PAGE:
So what can we safely speculate about the dominant species, some 50m years after humanity? The answer is both dissatisfying and thrilling all at once: while we can be reasonably confident that it won’t be a talking chimpanzee, we otherwise have no idea what it will look like.
The world has seen a number of mass extinction events in the course of its history. The diversification of life following each event was relatively rapid – and the “adaptive radiation” of new species produced new forms including many unlike the ancestral lineages that spawned them after surviving the prior extinction. The small shrew-like creatures that scurried beneath the feet of dinosaurs in the late Cretaceous period looked very different to the cave bears, mastodons and whales which descended from them during the age of mammals. Likewise, the reptiles that survived the late Permian extinction some 250m years ago, which killed off 90% of marine and 70% of terrestrial species did not clearly foreshadow the pterosaurs and dinosaurs and mammals and birds that descended from them.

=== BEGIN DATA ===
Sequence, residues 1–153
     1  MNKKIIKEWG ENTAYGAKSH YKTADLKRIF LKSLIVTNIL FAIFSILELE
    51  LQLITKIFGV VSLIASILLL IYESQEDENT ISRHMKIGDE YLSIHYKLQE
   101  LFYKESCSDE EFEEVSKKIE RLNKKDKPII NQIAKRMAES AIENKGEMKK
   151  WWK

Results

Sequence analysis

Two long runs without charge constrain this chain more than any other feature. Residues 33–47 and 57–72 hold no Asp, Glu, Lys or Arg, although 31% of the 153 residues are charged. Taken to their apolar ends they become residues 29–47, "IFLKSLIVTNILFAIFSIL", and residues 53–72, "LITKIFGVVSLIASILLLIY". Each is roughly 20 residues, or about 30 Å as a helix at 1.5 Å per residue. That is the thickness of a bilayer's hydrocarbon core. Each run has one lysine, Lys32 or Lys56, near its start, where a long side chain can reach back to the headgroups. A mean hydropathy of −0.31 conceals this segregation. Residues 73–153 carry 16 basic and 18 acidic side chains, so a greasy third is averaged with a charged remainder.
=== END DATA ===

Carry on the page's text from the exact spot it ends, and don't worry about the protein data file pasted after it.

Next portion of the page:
In Wonderful Life: the Burgess Shale and the Nature of History, the late Stephen J. Gould argued that chance, or contingency, as he called it, played a great role during the major transitions of animal life. There is room to argue about the relative importance of contingency in the history of life, which remains a controversial subject today. However Gould’s insight that we can hardly foreshadow the success of modern lineages beyond a future extinction is a humbling reminder of the complexity of evolutionary transitions.
So while it may be possible that, as many have speculated, the ants will take over the Earth from us, we can only imagine what their dominant ant descendants will look like.